Further, on 10 March 2020, TerraCom gave an announcement to the ASX which:

  • denied the Whistleblower Allegations;
  • stated that Mr Williams has been unsuccessful with similar allegations in the past;
  • referred to a request from Mr Williams for AUD$5million in exchange for not pursing TerraCom over his dismissal;
  • stated that there were no customer quality control issues at TerraCom (despite there being an active customer enquiry and customer complaint relating to coal quality results); and
  • stated that PwC found no evidence of wrongdoing on the part of Mr Boom and Mr McCarthy.

ASX refused to publish this statement, and TerraCom subsequently published the statement in The Australian as an ‘Open Letter to TerraCom Shareholders’.(Statements).

C. ASIC’s claims

It is the position of ASIC that the Whistleblower Provisions of the Corporations Act apply to this case as:

  • Mr Williams was an ‘eligible whistleblower’ in relation to TerraCom (being an employee and former employee of TerraCom);
  • the Whistleblower Allegations were ‘disclosable matters’ (being information that concerns misconduct or an improper state of affairs or circumstances in relation to TerraCom); and
  • ASIC, Mr Boom, Mr Ransley and Mr McCarthy were each ‘eligible recipient’ of the Whistleblower Allegations (Mr Boom and Mr McCarthy as officers, and Mr Ransley as a shadow director or in the alternative, an agent of TerraCom).

On this basis, Mr Williams was entitled to the protections set out in sections 9.4AAA of the Corporations Act (most importantly, protection from harm or detriment under section 1317AC).

ASIC alleges that by releasing the Statements (which, in ASIC’s view, were false, misleading and harmful), TerraCom engaged in conduct (and each of Mr Boom, Mr McCarthy and Mr Ransley were involved in this conduct) that caused detriment to Mr William’s reputation, earning capacity and psychological and emotional state (in contravention of sections 1317AC(1) and (3) of the Corporations Act). 

ASIC also alleges that each of the executives, as well as Mr King (TerraCom’s Chairman), breached:

  • their duty to exercise reasonable care and skill in discharging their director’s duties following receipt of the PwC report; and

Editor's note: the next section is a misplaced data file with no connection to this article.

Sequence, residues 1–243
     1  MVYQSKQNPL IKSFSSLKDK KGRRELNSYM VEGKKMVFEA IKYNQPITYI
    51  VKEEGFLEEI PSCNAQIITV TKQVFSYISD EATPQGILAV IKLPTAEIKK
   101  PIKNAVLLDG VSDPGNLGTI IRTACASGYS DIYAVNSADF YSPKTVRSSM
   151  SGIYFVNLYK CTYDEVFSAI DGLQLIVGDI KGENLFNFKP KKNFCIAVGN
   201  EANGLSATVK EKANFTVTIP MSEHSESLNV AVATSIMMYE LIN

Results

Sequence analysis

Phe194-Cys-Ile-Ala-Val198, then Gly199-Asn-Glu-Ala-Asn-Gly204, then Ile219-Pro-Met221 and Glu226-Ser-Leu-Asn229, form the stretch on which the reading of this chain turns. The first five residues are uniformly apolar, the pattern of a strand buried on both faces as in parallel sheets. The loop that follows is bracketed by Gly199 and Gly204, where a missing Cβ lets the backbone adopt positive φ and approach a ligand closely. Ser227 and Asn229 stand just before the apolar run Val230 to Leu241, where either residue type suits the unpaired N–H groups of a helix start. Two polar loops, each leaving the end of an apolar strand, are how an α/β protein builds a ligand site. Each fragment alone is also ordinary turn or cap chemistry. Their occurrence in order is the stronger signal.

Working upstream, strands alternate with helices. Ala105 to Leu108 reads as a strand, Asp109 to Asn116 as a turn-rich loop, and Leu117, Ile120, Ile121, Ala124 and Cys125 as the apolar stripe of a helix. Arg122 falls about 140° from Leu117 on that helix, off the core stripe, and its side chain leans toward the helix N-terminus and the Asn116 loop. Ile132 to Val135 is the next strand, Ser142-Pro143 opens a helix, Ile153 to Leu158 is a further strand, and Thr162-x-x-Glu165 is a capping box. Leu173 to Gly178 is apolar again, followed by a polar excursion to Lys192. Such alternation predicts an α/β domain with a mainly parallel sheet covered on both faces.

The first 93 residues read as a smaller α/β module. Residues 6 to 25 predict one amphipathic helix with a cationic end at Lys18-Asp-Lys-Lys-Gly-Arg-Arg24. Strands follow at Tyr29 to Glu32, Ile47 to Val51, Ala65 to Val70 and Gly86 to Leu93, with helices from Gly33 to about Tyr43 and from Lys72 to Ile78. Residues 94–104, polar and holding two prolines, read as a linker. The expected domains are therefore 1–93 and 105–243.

• their obligations under section 1309 of the Corporations Act relating to making available information relating to the affairs of TerraCom in circumstances where each executive has knowledge that it is false or misleading or which contains a misleading omission.  

ASIC is seeking pecuniary penalties against each defendant for the alleged breaches of the Whistleblower Provisions (which are a maximum of $13,750,0002  for corporations and $1,375,0003 for individuals).


Other than being the first ASIC prosecution under the Whistleblower Provisions, this case is significant as it confirms ASIC’s continued focus on executive accountability and oversight as a fundamental function of the whistleblower regime.  It has also demonstrated ASIC’s broad interpretation in relation to conduct which amounts to ‘detriment’ to another person.

This case is a further indication from ASIC that companies need to have their houses in order or enforcement action will follow – whistleblower policies need to be compliant with legislative requirements and those who handle whistleblower disclosures need to be equipped to do so with appropriate training and information. 

Good whistleblower governance starts at the top. If we can help you to update your whistleblower policies and processes or provide training to your executives, please reach out.

For more information, please contact Emily Cossgrove and James Simpson.

1These material facts are based on the Concise Statement of Facts and Originating Process filed on behalf of ASIC in the Federal Court of Australia on 28 February 2023.

2or if a Court can determine the benefit derived or detriment avoided because of the contravention, 3 times that amount, or 10% of the annual turnover of the entity up to a maximum of $687,500,000 (whichever is the greater).

3or if a Court can determine the benefit derived or detriment avoided, 3 times that amount (whichever is the greater).